Ever hear the phrase "Indian giver"?
The misconception associated with this phrase is one of the taking back of something after it was given...Nothing is further from the truth.
Give-aways can be traced back to the earliest times but not specific to tribal origin. In the broad sense, a give-away is nearly the reverse of the majority culture’s understanding of gift giving.
In the majority culture, the expectation is to receive gifts when being honored, recognized, or celebrated on special occasions. In the Native American tradition a give-away when someone is being honored, the honored or family of the honored has a give away. They lay out a blanket most times at gathering or dance and place the items to be given away upon it.
It's the attempt to honor all in attendance with something, sometimes this can be an impossibility and reminds me of a time some years ago in which a family was holding a give away to honor a family member. I was the last in line to receive a gift and nothing remained. The elder woman hosting the give away immediately removed the watch from her wrist and gave it to me. I said that wasn't necessary and she insisted it was her honor, not her loss.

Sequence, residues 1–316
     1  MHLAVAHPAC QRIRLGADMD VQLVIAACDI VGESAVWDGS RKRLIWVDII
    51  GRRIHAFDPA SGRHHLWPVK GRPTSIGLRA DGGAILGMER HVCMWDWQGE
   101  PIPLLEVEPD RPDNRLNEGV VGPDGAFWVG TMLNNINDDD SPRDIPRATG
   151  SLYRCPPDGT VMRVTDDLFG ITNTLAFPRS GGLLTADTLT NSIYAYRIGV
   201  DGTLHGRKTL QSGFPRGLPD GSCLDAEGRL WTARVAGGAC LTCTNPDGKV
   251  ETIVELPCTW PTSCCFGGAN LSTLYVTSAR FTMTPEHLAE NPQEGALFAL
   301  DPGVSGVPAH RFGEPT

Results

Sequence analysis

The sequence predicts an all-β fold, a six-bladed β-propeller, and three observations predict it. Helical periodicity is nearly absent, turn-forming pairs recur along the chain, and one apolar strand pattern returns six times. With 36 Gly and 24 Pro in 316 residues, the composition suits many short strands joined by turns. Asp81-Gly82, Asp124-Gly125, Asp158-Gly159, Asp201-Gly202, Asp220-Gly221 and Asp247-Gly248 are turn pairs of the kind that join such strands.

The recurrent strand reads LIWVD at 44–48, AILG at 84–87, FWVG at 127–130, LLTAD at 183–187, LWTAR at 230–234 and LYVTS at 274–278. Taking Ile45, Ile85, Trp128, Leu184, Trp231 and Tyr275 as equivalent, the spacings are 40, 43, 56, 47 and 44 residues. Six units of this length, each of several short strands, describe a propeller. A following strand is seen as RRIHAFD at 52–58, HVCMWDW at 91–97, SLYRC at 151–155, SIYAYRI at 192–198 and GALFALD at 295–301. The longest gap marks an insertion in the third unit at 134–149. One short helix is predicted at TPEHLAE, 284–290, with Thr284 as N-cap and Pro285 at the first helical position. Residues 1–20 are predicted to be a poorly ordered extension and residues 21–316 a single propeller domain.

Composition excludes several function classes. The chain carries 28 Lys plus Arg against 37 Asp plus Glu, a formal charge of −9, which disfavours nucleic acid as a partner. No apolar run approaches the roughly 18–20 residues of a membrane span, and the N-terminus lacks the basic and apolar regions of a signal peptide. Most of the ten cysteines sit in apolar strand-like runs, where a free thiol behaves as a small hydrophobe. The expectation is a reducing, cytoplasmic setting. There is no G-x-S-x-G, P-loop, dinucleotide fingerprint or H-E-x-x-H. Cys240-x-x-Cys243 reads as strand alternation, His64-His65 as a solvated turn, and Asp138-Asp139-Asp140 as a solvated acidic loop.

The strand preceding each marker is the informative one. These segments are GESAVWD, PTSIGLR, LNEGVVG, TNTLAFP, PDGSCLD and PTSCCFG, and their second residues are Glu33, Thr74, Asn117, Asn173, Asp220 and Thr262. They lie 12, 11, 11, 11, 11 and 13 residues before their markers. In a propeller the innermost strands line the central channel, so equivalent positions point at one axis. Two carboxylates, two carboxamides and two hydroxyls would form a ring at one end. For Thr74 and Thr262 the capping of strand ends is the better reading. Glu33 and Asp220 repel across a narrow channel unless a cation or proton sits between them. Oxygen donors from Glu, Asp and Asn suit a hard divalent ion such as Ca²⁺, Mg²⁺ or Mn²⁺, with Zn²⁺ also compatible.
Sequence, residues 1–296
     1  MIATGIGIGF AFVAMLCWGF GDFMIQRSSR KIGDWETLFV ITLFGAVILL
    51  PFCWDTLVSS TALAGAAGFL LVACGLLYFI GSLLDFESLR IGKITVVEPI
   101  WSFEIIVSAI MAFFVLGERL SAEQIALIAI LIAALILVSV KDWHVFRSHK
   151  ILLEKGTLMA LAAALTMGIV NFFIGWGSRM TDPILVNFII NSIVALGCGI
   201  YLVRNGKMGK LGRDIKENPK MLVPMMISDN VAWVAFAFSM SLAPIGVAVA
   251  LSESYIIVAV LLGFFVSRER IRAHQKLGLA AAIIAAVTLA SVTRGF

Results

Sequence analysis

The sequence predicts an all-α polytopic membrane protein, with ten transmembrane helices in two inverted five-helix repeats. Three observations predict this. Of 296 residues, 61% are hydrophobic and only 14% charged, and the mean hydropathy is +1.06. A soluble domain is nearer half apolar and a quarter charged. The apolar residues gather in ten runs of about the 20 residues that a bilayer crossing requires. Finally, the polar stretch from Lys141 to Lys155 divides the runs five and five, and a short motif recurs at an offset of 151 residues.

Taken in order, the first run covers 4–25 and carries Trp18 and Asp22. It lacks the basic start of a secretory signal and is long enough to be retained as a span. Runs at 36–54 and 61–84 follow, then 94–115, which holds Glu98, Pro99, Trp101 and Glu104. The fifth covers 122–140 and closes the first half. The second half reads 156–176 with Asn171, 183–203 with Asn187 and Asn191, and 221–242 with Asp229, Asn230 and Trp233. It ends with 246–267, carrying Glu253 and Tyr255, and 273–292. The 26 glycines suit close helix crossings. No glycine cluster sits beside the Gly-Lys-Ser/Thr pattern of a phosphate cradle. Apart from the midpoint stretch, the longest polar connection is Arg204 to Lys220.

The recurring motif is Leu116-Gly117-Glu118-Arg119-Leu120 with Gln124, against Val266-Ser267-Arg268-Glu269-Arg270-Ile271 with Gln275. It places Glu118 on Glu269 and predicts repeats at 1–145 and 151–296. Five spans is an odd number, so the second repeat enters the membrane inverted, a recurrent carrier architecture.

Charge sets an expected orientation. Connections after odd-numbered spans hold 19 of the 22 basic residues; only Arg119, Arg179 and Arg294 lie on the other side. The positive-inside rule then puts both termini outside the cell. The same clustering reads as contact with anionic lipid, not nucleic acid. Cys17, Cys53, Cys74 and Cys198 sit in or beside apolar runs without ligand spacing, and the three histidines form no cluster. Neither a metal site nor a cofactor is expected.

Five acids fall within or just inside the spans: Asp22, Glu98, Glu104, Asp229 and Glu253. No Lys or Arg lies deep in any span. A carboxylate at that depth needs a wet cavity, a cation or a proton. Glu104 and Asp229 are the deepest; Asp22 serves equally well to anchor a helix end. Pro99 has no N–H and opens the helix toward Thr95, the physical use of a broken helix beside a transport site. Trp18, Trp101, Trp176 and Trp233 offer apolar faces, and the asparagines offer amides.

So in the ceremonial circles I traveled in it's been a tradition to have a give away following 4 years of dancing. You can however have one for any reason, and again it's not mandatory, follow your heart.
"What matters is not what someone has but what the person is able to give away to others...It is not the value of the gift, but the giving itself that is important. Giving a gift that may not have significant monetary worth, but significant spiritual or personal value is a sign of a giving heart.”